Re-working disability: a Foucauldian discourse analysis of vocational rehabilitation in Aotearoa New Zealand
Vocational rehabilitation is a social practice that is focused on enabling people to overcome disability so that they can work. It involves many, sometimes diverse, strategies and programmes to achieve this aim, which have changed over time. The current importance of vocational rehabilitation as a practice within governmental agendas in Aotearoa New Zealand, and in many other countries around the world, has been demonstrated in recent policies and reports emphasising an imperative that disabled people are enabled to obtain work in order to achieve equality and maintain social systems. Ability to work has been associated with health and wellbeing, and scientific studies showing that unemployment is associated with poor health, and that disabled individuals want a 'normal' life, are often cited to underline the importance of vocational rehabilitation. However, while these ideas are widely accepted, they are not without challenges. There is a growing body of literature indicating that there continue to be difficulties in achieving the aims that vocational rehabilitation exists to deliver, and highlighting that rehabilitation practices have (often unintended) effects in addition to their specific aims — such as reproducing dominant notions of disability and normality. The aim of this inquiry was to open up the practice of vocational rehabilitation to examination. The study considers the social and political conditions of possibility for the emergence and continuation of vocational rehabilitation in Aotearoa New Zealand, and the effects of the systems of thought and action that come within its scope.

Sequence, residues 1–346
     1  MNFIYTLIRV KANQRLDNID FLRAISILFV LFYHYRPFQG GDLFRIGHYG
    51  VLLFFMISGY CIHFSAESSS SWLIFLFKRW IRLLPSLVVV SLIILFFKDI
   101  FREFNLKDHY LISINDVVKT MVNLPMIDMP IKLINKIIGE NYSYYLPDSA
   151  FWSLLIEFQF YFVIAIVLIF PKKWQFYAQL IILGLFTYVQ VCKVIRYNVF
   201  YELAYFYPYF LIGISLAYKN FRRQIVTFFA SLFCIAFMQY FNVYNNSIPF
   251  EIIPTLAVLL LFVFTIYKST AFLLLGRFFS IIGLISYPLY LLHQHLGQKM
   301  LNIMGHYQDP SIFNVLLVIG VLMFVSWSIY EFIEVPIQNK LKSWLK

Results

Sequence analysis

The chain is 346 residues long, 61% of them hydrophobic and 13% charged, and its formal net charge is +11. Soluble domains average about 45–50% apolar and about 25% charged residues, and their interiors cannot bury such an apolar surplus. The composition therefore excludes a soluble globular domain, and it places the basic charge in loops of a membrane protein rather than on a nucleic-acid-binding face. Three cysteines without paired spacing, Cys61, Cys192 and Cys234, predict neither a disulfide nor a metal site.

The study I outline in this thesis is a discourse analysis of the practice of vocational rehabilitation in Aotearoa New Zealand, applying the philosophical and theoretical work of Michel Foucault. To do this, I gathered and analysed a wide range of texts associated with vocational rehabilitation practices: including policy documents, images, letters, reports, meeting minutes, position statements, brochures, training materials, advertising (to give some examples). The gathered texts focused on three identified series of events, associated with specified historical shifts in vocational rehabilitation practices, as well as current vocational rehabilitation practices. The analysis involved applying Foucauldian methodological principles and theoretical concepts to these texts. The application of theory drew on concepts within Foucauldian scholarship that were particularly pertinent to the topic area, focusing on notions of 'governmentality' and 'bio-politics'.
The contribution of this study lies in highlighting and questioning ideas that have become self-evident in vocational rehabilitation practices, and making more visible aspects that may affect future directions. It shows historical conditions of possibility for the emergence and continuation of vocational rehabilitation as a social practice in Aotearoa New Zealand, and points to emerging trends in this field that present opportunities and dangers. Vocational rehabilitation is analysed as a governmental practice, with processes constructed within historically and culturally specific notions of economic systems, 'normal life' and 'disabilty'. These processes both utilise and (re)produce dominant ideas about what constitutes work and disability. Furthermore, I identify a move in some recent practices towards a normalisation of disability itself, which has the potential to considerably shift the focus of vocational rehabilitation.